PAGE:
Are you eating too much sugar?
Are you consuming too much sugar?
The answer most likely is yes. The average American consumes about 150 pounds of sugar per year. That amounts to 3 pounds every week, or 500 extra calories per day. According to Forbes Magazine, back in 1822 the average American consumed 45 grams of sugar every 5 days which is the sugar equivalent of 12 ounces of soda. Today, we consume 765 grams of sugar in 5 days which is equal to 17 soda cans! This comes from consumption of refined sugars, and does not include fruit and grains. Over the past 30 years, sugar has been added to nearly all processed foods, creating huge sources of hidden sugar consumption which is fueling the obesity epidemic and related health hazards.
So what is the problem with eating sugar?
Sugar contains no vitamins, no minerals, no enzymes and no fiber. Simply put it is empty calories. Sugar is very addictive and leads to a variety of health issues including obesity, insulin resistance, type 2 diabetes, high blood pressure, autoimmune diseases, inflammation, depression, fatigue, cancer and Alzheimer’s. In addition, high consumption of sugar often leads to yeast overgrowth and nutritional deficiencies. For a great summary of the hazards of consuming too much sugar, see the film Fed Up.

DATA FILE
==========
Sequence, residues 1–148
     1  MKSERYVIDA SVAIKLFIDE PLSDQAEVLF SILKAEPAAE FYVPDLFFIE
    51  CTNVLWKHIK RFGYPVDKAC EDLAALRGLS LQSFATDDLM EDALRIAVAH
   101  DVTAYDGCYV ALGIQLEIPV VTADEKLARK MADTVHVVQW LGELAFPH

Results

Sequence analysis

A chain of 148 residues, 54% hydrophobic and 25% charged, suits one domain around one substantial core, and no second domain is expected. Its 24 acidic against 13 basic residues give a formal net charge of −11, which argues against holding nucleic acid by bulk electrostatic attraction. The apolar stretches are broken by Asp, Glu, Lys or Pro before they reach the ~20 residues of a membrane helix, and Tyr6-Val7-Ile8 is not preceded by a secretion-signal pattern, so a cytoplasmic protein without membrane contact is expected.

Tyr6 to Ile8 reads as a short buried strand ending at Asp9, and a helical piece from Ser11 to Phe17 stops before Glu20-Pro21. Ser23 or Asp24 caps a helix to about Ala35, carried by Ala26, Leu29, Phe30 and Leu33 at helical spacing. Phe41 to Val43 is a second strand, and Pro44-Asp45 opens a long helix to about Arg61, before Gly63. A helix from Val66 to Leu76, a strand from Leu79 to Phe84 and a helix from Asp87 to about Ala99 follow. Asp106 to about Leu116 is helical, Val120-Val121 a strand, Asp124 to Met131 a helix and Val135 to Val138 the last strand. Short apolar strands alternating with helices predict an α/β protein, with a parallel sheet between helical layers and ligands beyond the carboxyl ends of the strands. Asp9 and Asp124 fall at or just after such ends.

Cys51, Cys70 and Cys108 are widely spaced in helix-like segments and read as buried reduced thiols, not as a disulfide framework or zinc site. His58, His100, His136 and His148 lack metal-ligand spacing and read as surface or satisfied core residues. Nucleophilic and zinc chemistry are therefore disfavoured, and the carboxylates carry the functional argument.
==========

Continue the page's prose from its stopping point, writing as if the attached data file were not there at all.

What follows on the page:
Is High Fructose Corn Syrup a better alternative than sugar?
Most processed foods contain High Fructose Corn Syrup (HFCS) which is actually worse than sugar. HFCS is metabolized faster than sugar and readily converted into fat. HFCS is associated with elevated blood triglycerides and metabolic syndrome as well as non-alcoholic fatty liver disease. You should avoid products with HFCS as well as other hidden sugars.
How does sugar lead to obesity?
When sugar is not used by the body, it will be converted into fat. High sugar consumption increases your blood glucose which releases the fat storing hormone, insulin. Its job is to remove blood glucose as fast as possible. When your liver and muscle glycogen stocks are full, insulin converts glucose into fat.
Consuming sugar throughout the day prevents you from using your own fat stores for energy. If on a regular basis, you are consuming sugar, fruits, starches, and sport drinks throughout the day, and not burning it right away, the excess fat storage from unused sugar will lead to obesity.
How do carbohydrates affect blood sugar?
There are three types of carbs – sugar, starches and fiber. Sugar and starches raise blood sugar. Fiber does not. Fruits are typically high in sugar. Potatoes, rice, corn, wheat, peas and beans are high in starches. Carrots and beets contain sugar, starches and fiber. Most of the foods we consume from plant sources provide carbohydrates in some form or another. Even green vegetables, although they are high in fiber and water content, contain small amounts sugar.
All starches eventually break down into glucose which is a sugar. Fiber does not break down into sugar. Eating a diet high in starches therefore, may lead to the same health problems that eating a diet high in sugar. Of course, eating whole grains, like brown rice or quinoa, is preferable to eating starches that are low in fiber like pasta and potatoes. But those too, eventually break down into sugars. Eating a diet based on starches in unhealthy and leads to difficulties with blood sugar regulation. Moderation is key.